The first in our series on this year’s group projects by Science Communication students is ‘The Philospher’s Battle’, a radio package by Keeran Flora, Julie Gould and Annie Mackinder.
Science has often been described as a game, with many rivalries, influences and champion theories: this is mirrored in the philosophy of science. We explored this idea by embracing the spirit of a tournament to discuss the different leading philosophers of science. We present a “live” radio commentary of a philosophy tennis tournament, with Aristotle and Francis Bacon in the first match, followed by Thomas Kuhn and Karl Popper in the second. This is complemented by an expert analysis of each match by Professor Steve Fuller, a social epistemologist from Warwick University.
Our project focused on four key ideas that we touched on during the ‘Science and its social contexts module’ of our course. Firstly, despite their origins in the 16th century, many philosophers’ ideas have value in science today. Secondly, some ideas are considered more valuable, giving rise to a perceived rivalry between philosophers. Thirdly, the philosopher’s ideas were often in opposition, and finally, the prominence of each philosopher and mode of thought varies over time. A tennis tournament seemed like an ideal metaphor to portray these concepts as in both philosophy and tennis, a wide variety of methods and techniques can be used to “play the game”.
The idea was to flesh out the metaphors: “the ball is in your court” and “that’s a smashing idea!” These metaphors are ideal for communicating the philosophy of science, allowing us to explore the ideas of one philosopher by putting his ideas up against his “rival”. Obviously, there is the issue of time: Aristotle and Francis Bacon didn’t produce their theories in the same age, so the tournament is set in an abstract spatial and temporal dimension.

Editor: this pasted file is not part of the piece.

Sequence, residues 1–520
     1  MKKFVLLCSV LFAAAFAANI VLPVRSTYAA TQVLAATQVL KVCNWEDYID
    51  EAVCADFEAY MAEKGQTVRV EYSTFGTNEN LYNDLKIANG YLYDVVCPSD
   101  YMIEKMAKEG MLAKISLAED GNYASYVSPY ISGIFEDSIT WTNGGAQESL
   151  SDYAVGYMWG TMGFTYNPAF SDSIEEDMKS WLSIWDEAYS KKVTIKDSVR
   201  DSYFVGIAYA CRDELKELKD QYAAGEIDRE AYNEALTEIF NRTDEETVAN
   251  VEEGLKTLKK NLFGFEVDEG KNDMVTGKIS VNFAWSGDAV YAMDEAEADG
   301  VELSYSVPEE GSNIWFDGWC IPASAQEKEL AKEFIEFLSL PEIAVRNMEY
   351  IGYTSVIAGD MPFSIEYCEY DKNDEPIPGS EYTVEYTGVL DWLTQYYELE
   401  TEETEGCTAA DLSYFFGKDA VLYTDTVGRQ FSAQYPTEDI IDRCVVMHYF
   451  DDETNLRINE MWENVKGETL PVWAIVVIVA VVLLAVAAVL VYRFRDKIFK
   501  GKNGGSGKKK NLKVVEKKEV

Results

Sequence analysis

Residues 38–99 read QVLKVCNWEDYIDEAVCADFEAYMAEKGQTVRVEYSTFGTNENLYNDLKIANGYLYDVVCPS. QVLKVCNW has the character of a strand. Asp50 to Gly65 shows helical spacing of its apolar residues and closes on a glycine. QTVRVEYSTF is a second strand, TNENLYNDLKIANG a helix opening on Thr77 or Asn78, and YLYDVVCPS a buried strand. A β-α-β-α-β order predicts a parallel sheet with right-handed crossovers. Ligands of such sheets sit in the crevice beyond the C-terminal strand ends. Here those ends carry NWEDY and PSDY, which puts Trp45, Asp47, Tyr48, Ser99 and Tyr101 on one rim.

In this project, the game of tennis became like the game of science and the players approached it as if it were science. They use their philosophies to outsmart one another. Throughout the games each philosopher believes that their method of play is the correct and most worthy, therefore perfect for outwitting their opponent.
There are limits to this metaphor. Firstly, the choice of metaphor is not meant to suggest that the history of the philosophy of science is a series of battles. Instead, it is a never-ending tournament, where the key “players” are constantly progressing and developing ideas that build on the previous ways of thinking. Wimbledon is a tournament in which players progresses through the stages; there are winners and losers, and a sense that the champion is the best in the competition. And, of course, there are spectators and supporters at Wimbledon: in our metaphor, these represent the continuing influence that the philosophers have over the public.
We used the philosophies of the four philosophers as a portrayal of their character. For example, Popper is portrayed as bitter and angry as his ideas weren’t as popular as he would have liked. His philosophy is about challenging the norm, and how scientists should try to falsify their hypothesis. This brought to mind John McEnroe; a sultry, moody tennis player who was famous for challenging the umpire and criticising opponents. We therefore projected Popper onto a McEnroe like character and had Popper first argue with the umpire, and then shout McEnroe’s classic line “You cannot be serious!”
For us, this piece was incredibly enjoyable to make. We hope it provides a different way of looking at the ideas from four of the most famous philosophers of science.
Keeran Flora, Julie Gould and Annie Mackinder are all currently studying for an MSc in Science Communication at Imperial College.